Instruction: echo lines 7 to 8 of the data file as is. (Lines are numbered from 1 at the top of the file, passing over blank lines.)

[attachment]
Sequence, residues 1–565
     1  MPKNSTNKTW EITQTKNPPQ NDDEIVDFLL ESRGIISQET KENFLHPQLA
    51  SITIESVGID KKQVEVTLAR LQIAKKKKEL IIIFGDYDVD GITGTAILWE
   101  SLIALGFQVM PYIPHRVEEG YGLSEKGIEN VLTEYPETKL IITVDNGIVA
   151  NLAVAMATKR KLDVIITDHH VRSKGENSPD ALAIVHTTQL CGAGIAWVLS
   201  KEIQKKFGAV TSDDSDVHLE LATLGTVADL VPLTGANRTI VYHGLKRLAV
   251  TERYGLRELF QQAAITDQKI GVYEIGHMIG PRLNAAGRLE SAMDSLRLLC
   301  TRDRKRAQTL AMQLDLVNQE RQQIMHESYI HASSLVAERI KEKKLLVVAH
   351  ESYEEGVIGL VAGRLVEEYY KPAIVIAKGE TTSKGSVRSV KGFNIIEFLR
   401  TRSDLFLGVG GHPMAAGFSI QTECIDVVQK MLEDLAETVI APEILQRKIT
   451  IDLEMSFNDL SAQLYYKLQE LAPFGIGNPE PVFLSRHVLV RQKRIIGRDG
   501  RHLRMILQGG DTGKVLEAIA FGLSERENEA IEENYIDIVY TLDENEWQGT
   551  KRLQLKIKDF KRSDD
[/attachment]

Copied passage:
   251  TERYGLRELF QQAAITDQKI GVYEIGHMIG PRLNAAGRLE SAMDSLRLLC
   301  TRDRKRAQTL AMQLDLVNQE RQQIMHESYI HASSLVAERI KEKKLLVVAH